Agriculture Department -- Karnal Bunt; Revision of Regulations for Importing Wheat2004-Mar-0304-4723We are proposing to amend our regulations regarding the importation of wheat from regions affected with Karnal bunt. Our proposed amendments would, among other things, list such regions, as well as articles that would be regulated for Karnal bunt; increase the flexibility of the regulations so that they could provide more readily for the recognition of areas where Karnal bunt is not known to occur within regions where Karnal bunt is known to be present; describe conditions, including requirements for phytosanitary certificates, under which wheat and related articles from regions affected with Karnal bunt could be imported into the United States; and specify cleaning and/or disinfection requirements for imported farm machinery and other equipment used to handle or store Karnal bunt-positive seed or host crops. The proposed changes would make our regulations regarding the importation of wheat and related articles from regions affected with Karnal bunt substantively equivalent to our domestic Karnal bunt regulations and would bring the former into compliance with international agreements to which the United States is a party.
Agriculture Department -- Unshu Oranges from Honshu Island, Japan2004-Mar-0204-4600We are adopting as a final rule, with two changes, an interim rule that amended the regulations governing the importation of citrus fruit to allow Unshu oranges grown on Honshu Island, Japan, to be imported without fumigation if the distribution of the fruit within the United States is limited to States that are not commercial citrus- producing States. We will continue to require fumigation if the fruit is distributed to commercial citrus-producing States. This final rule amends the regulations to include a reference to the island of Shikoku, along with the islands of Honshu and Kyushu, as an island from which Unshu oranges may be exported to the United States in accordance with the requirements of the regulations.
Agriculture Department -- Cold Treatment of Fruits2004-Feb-0204-2023We are adopting as a final rule, without change, an interim rule that amended the Plant Protection and Quarantine Treatment Manual, which is incorporated by reference into the Code of Federal Regulations, by revising the cold treatment schedules under which fruits are treated for the Mediterranean fruit fly (Medfly) and other specified pests. Based on a review of those treatment schedules, we determined that it was necessary to extend the duration of cold treatment for Medfly. We also amended the regulations for importing fruits and vegetables to provide that inspectors at the port of first arrival will sample and cut fruit from each shipment cold treated for Medfly to monitor the effectiveness of the cold treatment. The interim rule was necessary to protect against the introduction and dissemination of Medflies into and within the contiguous United States.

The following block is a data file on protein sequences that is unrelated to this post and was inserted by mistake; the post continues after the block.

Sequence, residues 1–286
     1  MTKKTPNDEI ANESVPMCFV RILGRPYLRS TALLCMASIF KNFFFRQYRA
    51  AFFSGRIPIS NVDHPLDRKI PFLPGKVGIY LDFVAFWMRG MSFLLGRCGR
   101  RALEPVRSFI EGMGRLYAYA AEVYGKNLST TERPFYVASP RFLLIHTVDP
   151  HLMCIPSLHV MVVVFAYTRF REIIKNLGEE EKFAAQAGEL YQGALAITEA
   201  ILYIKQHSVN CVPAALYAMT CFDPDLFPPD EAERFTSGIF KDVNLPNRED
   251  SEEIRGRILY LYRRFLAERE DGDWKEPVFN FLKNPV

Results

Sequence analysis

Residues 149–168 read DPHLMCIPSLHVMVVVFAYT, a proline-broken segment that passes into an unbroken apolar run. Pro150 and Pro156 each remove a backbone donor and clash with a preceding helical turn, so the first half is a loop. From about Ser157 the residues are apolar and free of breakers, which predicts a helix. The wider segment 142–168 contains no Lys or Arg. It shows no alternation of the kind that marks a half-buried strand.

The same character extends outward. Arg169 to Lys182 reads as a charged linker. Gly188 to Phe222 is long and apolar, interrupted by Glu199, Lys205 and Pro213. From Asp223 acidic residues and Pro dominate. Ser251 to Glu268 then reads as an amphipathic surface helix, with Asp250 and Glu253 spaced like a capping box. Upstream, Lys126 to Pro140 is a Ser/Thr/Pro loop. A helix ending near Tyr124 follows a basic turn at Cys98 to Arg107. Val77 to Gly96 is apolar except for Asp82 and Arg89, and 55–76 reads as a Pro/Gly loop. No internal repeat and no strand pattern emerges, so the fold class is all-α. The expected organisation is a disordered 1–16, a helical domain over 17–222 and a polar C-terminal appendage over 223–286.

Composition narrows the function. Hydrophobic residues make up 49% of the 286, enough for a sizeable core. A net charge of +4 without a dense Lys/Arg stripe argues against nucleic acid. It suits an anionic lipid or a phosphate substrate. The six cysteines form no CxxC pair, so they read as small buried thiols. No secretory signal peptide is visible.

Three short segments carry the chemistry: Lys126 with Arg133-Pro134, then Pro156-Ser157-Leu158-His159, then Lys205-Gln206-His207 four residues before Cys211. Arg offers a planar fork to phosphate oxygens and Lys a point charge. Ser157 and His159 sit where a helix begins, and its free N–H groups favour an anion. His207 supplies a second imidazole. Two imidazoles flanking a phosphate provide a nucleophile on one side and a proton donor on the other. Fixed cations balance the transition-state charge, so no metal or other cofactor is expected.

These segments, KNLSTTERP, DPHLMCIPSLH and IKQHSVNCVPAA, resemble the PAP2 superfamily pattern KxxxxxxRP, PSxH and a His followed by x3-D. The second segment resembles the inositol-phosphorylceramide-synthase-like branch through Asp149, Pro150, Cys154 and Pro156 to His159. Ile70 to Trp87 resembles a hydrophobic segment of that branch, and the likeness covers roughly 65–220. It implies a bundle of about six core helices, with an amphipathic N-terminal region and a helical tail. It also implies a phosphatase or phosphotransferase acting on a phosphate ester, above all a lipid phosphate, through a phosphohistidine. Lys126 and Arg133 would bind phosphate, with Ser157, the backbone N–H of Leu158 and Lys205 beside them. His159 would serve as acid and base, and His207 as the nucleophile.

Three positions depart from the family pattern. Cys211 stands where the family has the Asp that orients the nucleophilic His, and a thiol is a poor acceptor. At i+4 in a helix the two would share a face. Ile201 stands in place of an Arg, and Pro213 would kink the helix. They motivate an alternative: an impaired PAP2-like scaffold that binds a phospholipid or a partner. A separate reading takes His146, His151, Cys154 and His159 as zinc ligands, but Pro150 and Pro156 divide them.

Agriculture Department -- Importation of Artificially Dwarfed Plants in Growing Media from the People's Republic of China2004-Jan-1604-1066We are amending the regulations governing the importation of plants and plant products to add artificially dwarfed (penjing) plants of the species Buxus sinica, Ehretia microphylla, Podocarpus macrophyllus, Sageretia thea, and Serissa foetida from the People's Republic of China to the list of plants that may be imported in an approved growing medium subject to specified growing, inspection, and certification requirements. We are taking this action in response to a request by the Government of China and after determining that the penjing plants established in growing media can be imported without resulting in the introduction into the United States or the dissemination within the United States of a plant pest or noxious weed. This rule will relieve restrictions that currently allow these species to be imported only as bare-rooted plants.
Agriculture Department -- Importation of Eucalyptus Logs, Lumber, and Wood Chips From South America2004-Jan-1504-875We are amending the regulations that govern the importation of logs, lumber, and other unmanufactured wood articles into the United States to allow wood chips derived from temperate species of Eucalyptus from South America to be treated with a surface pesticide prior to importation as an alternative to the existing treatments. This final rule follows a proposed rule that proposed to amend the regulations to require that logs, lumber, and wood chips of tropical species of Eucalyptus from South America be subject to more restrictive entry requirements, including treatment with fumigation with methyl bromide or heat treatment, than those currently in the regulations. In that proposed rule, we also proposed to allow wood chips derived from both tropical and temperate species of Eucalyptus from South America to be treated with a surface pesticide prior to importation. Although the more restrictive entry requirements for logs, lumber, and wood chips of tropical species of Eucalyptus are still under consideration, this action to allow wood chips of temperate species of Eucalyptus to be treated with a surface pesticide is necessary to provide an effective alternative treatment to the domestic wood pulp industry, which is interested in importing temperate wood chips of Eucalyptus from South America, while continuing to protect the United States against the introduction of plant pests.